In the Greensomes format we made the turn in level par 36 only to find ourselves 6 down! Our opponents shot an incredible 31 that could have been even better, 4 birdies on the bounce were gimme putts of no more than a few inches. Grant was long with laser-like accuracy, allowing his partner to bludgeon prodigious drives that, without exaggeration, were consistently around the 350 mark. It was the best display of long, straight, power hitting I’ve ever seen!
Okay, that’s enough of that … the rest of the England boys fared much better and a repeat performance of the 7-3 win was recorded, so we were clearly out for revenge. Obviously a number of lads were 2 for 2 and it would be interesting to see if anyone could go unbeaten.
Day 3 was at the eagerly awaited Black Mountain course which, only a couple of weeks ago hosted the Royal Trophy between Asia and Europe. It’s fair to say all the management and staff were thrilled at hosting another major event so soon after.
Before our arrival our coach driver managed to save the local authorities a few baht by performing some amateur topiary and tree-lopping service with the side of the bus, but no big deal. First impressions were, indeed, impressive. It was simply stunning. A magnificent setting, superbly manicured and in tip-top condition with lightening quick greens. Let’s hope we could all do it justice.
The RoW team rallied here today in the 4 man better-ball format, recording their first win of the trip by 5 and a half points to 4 and a half. Making the overall gap at this stage 7 points, with 19 points up for grabs in the singles – and with memories of their singles demolition of England the previous year still fresh, the RoW team were certainly not out of it.
Besides some solid performances in the golf, two other incidents stand out from this day. One previously heralded player, after seeing his chip short chunked into the water, had difficulty holding on to his club and looked on horrified as the club got a nice big bounce and followed the ball into the drink. Fortunately this spot was quite shallow and the chastened individual managed a rather sheepish recovery of the offending article.
Contrary to popular belief the final mishap was not a planned event, in short Steve ‘Mr. Organiser’ Ellison was inadvertently left behind. Two hours after the first group had finished Steve (who was not in the last group, by the way) was still tittivating himself in the showers as the bus headed off for a further night of merriment. When questioned, RoW captain Brent, pleaded the Fifth.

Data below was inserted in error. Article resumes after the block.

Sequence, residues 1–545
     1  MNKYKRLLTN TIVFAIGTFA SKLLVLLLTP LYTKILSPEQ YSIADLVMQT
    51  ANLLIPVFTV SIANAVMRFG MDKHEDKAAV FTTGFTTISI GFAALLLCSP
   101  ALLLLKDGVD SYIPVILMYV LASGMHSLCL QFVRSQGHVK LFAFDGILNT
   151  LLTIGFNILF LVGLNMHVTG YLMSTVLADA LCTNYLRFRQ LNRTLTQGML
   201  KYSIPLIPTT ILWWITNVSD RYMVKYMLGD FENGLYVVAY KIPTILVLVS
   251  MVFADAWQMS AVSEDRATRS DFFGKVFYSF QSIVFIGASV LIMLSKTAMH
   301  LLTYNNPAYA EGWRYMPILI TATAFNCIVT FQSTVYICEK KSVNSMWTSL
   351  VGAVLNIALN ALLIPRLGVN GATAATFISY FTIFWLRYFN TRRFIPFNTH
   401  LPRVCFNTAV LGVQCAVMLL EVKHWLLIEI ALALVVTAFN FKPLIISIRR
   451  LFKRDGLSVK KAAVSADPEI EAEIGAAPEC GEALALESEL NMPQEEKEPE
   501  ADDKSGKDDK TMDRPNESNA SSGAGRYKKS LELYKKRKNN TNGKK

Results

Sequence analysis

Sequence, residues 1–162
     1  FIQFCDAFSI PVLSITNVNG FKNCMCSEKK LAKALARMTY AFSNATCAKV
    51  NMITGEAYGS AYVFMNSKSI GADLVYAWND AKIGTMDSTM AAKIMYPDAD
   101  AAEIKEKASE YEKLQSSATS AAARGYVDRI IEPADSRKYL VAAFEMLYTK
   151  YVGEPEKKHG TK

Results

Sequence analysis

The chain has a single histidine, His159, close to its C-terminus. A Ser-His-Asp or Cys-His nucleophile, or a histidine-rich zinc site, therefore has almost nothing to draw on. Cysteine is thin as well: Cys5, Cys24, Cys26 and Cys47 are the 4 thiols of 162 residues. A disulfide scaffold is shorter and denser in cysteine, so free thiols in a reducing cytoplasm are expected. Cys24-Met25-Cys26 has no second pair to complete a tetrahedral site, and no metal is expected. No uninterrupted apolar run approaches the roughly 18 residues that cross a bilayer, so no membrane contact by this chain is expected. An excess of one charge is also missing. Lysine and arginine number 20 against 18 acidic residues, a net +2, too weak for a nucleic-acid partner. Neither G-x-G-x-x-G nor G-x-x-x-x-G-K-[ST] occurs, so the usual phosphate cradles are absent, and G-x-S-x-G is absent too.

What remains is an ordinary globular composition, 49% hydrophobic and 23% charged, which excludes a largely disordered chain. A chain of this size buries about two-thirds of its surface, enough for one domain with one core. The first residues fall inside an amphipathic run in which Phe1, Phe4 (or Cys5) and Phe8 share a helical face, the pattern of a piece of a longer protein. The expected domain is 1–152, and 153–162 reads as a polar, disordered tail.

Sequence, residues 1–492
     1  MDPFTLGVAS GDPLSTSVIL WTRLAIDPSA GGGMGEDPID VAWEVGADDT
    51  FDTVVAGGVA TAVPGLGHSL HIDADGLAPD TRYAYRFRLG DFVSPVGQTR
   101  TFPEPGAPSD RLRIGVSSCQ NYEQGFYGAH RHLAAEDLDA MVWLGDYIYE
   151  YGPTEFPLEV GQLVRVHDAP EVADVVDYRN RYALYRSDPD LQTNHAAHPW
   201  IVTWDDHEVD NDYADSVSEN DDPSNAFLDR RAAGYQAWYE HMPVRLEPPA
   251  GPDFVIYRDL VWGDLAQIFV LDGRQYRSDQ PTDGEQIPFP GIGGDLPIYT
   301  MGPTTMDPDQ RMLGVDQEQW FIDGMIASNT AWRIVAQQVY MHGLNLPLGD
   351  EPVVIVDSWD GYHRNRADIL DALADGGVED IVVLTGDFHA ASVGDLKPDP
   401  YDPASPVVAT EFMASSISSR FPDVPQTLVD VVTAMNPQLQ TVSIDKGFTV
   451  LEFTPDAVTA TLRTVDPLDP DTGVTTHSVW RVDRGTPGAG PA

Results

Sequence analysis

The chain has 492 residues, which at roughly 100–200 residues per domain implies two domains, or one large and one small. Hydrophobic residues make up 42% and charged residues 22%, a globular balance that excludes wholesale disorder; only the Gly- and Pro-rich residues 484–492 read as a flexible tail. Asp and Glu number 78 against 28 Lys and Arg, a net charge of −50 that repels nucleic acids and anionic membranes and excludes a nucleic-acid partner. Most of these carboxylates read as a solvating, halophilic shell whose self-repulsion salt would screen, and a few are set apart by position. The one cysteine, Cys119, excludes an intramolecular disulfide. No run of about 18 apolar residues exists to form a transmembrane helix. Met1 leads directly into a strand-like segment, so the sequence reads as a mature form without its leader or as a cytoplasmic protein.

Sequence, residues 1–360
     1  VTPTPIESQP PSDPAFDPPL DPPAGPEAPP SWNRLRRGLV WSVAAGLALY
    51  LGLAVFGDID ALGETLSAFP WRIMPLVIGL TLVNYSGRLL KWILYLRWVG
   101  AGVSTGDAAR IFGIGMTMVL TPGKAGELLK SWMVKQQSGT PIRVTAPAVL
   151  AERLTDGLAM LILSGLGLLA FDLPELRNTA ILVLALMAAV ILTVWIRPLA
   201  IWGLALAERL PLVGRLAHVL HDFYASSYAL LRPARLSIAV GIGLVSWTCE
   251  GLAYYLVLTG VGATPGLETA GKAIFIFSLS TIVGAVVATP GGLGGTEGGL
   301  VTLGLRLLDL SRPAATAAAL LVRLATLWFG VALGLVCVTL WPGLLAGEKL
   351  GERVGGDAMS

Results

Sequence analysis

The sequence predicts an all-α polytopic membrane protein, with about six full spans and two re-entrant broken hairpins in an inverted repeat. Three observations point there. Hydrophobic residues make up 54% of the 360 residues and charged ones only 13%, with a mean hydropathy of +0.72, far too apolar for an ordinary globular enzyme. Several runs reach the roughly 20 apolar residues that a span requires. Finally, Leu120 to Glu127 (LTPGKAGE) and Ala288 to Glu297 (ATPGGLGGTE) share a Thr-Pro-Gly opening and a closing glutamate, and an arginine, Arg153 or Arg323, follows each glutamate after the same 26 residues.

Another superb course, the Banyan, awaited us for our final days singles play. Again the whole set up was professional and inviting. We were met by the Director of Operations who welcomed us and gave us a run-down of the facilities. Our group and competition name were on the welcome poster outside the pro shop and also replicated on the day’s score cards, with the final touch being free photographs of all groups on the first tee, waiting for us as we finished.
On to the golf then and there were some serious faces around, ready to do the business. The RoW guys were down the range or on the practice greens, while more than one Englishman had to be called away from his breakfast to get to the first tee. A case of over-confidence maybe?
Many games went down to the last green with some tremendous golf in evidence, far too much to single out here, but special mention has to be made for 3 guys who achieved perfect records. Dave Mather (despite looking like death warmed up), Barry Tregurtha and Jeff Calrow were the stalwarts of the week. If by some strange reason I have missed someone out then I do genuinely apologise, remember, a lot of Singha passed under my bridge too!
So, today’s singles score was England 14 and a half, Row 4 and a half.
The presentation was planned in the Banyans own Mulligans bar with a very acceptable hot buffet and more drinks. The only problem was, this being the Mulberry Ryder Cup remember, no one had bought the trophy along. So it was off on the long trip back home. But wait, there’s more. Five kms from town, to put the tin lid on everything, the bus runs out of fuel. Like I said earlier, you honestly couldn’t make this up!
Final result then was a resounding win for England by 33-16. Well done and congratulations to all the competitors, many thanks to all the guys behind the scenes and just one more thing … see you all next year!